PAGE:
My friend Erick Erickson was one of those people who believed that Republicans, by supporting the Stupak amendment, missed a chance to defeat liberal health-care legislation. I think that the general rule Erickson is defending is the correct one: Don’t try to make legislation that is bad in its essentials slightly less bad. But it is a general rule, not an inviolable principle, and in this case I don’t think it applies.
Let’s assume, however, that I’m wrong (along with 99.4 percent of House Republicans), and Erickson and Rep. Shadegg are right. Even on that assumption, what was the point in continuing to fight over the question once it became clear that Republicans were not going to adopt the Shadegg strategy? If 100 Republicans had voted present and defeated the Stupak amendment in the hope of forcing a tougher choice on pro-life Democrats, I would have been able to see the point of their action even while disagreeing with it. I don’t see what Shadegg’s point was in voting present all by himself when it was clear that the amendment was going to pass by a large margin. Perhaps Shadegg was just annoyed at what he saw as the pigheaded refusal of other Republicans to see the wisdom of his advice. From the outside, it looks like pique.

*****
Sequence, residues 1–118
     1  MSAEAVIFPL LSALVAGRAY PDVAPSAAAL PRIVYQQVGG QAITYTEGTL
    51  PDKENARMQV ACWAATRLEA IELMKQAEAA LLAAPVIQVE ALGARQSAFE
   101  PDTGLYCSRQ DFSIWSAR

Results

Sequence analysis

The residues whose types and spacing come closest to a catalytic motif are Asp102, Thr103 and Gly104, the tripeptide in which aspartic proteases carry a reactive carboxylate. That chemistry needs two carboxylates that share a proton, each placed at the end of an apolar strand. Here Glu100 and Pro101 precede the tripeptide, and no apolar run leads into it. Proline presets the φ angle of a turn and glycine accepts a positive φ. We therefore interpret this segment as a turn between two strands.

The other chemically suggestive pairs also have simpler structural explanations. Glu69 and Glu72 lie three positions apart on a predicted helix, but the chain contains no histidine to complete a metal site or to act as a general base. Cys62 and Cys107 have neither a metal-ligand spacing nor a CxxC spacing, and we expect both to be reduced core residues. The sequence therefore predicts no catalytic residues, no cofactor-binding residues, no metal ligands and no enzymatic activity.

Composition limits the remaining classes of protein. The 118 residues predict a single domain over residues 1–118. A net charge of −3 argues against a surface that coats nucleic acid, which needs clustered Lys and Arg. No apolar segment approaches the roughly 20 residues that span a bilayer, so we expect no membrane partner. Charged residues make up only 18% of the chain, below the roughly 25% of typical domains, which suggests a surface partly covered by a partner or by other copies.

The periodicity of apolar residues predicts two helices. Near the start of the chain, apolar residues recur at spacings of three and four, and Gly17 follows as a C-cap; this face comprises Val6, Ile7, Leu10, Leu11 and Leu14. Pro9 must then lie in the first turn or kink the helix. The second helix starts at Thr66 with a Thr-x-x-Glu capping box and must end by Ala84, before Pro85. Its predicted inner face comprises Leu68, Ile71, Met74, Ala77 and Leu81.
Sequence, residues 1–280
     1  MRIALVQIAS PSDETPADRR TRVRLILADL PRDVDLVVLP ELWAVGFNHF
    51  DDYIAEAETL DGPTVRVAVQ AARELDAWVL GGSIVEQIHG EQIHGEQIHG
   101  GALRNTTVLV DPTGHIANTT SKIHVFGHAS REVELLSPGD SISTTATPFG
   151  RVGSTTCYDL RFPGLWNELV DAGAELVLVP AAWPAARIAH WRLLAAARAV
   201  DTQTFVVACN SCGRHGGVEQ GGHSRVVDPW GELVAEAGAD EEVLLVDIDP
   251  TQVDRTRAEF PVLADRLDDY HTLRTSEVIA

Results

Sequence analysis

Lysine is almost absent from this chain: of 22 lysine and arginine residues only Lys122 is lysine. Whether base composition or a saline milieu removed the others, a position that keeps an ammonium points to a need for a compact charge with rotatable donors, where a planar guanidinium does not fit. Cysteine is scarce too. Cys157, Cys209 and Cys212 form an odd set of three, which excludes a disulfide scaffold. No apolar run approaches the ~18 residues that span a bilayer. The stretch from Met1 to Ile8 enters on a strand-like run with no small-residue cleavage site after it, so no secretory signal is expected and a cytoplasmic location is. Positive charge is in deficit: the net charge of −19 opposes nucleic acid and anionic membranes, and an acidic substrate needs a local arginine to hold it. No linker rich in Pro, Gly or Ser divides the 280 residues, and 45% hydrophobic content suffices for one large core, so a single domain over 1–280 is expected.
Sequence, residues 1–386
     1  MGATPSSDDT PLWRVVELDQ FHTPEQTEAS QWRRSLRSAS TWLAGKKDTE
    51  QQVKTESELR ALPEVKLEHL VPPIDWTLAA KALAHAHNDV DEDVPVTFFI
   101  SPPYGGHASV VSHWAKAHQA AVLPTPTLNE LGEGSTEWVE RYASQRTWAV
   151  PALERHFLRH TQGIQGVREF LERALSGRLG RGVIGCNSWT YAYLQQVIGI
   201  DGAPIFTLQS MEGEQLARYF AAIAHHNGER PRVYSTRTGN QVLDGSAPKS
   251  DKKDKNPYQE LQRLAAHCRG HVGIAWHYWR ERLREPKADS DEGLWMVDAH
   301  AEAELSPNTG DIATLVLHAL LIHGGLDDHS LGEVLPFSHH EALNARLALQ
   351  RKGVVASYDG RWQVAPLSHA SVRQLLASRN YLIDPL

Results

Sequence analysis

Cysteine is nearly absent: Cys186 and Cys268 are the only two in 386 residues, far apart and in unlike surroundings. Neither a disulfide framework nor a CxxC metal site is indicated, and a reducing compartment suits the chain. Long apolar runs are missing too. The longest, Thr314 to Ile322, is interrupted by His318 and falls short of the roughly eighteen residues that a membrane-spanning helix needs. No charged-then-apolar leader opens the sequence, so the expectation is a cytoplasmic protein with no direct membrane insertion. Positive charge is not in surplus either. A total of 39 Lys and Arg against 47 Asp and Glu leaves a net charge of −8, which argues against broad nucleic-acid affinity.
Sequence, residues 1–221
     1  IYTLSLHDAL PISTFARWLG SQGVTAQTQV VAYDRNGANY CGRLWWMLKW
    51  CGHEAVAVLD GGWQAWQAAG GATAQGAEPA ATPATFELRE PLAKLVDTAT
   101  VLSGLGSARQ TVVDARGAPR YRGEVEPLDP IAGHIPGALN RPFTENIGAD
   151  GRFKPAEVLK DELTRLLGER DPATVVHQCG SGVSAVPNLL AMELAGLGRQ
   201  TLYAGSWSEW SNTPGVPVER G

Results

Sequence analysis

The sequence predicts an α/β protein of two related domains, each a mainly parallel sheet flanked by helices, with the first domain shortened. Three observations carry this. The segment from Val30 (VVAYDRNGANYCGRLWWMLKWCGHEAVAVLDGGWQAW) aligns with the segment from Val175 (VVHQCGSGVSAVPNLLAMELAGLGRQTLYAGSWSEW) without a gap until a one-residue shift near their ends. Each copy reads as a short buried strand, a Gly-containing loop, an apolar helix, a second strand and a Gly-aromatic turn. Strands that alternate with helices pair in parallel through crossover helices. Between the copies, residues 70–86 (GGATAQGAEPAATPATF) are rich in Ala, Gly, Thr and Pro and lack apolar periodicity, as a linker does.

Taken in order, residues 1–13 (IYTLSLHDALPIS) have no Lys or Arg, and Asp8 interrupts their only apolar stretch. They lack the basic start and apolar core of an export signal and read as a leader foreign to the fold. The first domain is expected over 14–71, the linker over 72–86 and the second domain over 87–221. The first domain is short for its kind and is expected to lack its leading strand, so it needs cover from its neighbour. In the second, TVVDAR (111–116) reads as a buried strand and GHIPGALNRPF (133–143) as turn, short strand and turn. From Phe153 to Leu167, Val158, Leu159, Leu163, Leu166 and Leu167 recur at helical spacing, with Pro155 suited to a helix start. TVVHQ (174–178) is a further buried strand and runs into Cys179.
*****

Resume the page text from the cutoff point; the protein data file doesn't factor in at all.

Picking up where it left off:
That’s how Erickson’s latest salvo in this debate looks from the outside too. His post, again, contains some good advice to Republicans: They should not let themselves be content with meaningless amendments. But he adds a harsh and unjustified attack on the National Right to Life Committee. He claims that based on its past performance, it will “eke out some sort of minor compromise that undercuts the rest of the conservative movement and other pro-life groups—a compromise that does very little, but from which NRLC can raise some money.” The Stupak amendment wasn’t, in fact, a minor compromise, as evidenced by the way pro-choicers are currently reacting to it. When meaningless compromises have been broached in this debate–notably the Capps and Ellsworth amendments–it’s the NRLC that has successfully led the charge against them. From my dealings over the years with people at NRLC, I’d say that they have been more effective, and more selfless, than those at almost any other right-leaning organization. (Which doesn’t mean they’re always right, obviously.)
To say that the NRLC is right-leaning is, of course, a simplification. It is usually allied to conservatives and its cause is (arguably) conservative. But it is not simply a part of the conservative movement, and its job is not the same as those of other conservative organizations. Whatever their views on health-care legislation in general, pro-life organizations had to make the defeat of abortion funding their overriding priority. I am mystified by suggestions to the contrary.